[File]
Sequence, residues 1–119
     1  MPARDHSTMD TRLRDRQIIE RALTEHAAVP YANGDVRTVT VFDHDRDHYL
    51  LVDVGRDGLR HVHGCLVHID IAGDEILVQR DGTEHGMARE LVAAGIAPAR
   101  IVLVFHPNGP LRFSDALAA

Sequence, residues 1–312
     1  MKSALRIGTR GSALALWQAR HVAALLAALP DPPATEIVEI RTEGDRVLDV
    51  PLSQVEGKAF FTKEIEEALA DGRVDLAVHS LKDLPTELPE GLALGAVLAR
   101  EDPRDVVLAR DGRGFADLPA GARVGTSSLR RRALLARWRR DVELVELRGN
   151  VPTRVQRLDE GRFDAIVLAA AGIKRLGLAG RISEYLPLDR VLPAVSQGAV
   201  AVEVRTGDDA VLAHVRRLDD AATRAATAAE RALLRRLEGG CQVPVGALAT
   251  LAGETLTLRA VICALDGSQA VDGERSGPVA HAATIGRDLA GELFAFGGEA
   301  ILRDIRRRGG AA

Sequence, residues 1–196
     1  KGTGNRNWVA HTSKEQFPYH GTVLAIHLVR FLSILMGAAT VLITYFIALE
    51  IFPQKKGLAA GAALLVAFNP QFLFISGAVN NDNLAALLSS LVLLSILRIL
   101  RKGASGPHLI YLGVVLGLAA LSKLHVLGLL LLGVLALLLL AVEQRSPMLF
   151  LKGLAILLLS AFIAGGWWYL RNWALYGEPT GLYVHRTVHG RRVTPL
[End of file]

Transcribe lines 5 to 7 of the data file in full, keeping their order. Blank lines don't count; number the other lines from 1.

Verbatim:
Sequence, residues 1–312
     1  MKSALRIGTR GSALALWQAR HVAALLAALP DPPATEIVEI RTEGDRVLDV
    51  PLSQVEGKAF FTKEIEEALA DGRVDLAVHS LKDLPTELPE GLALGAVLAR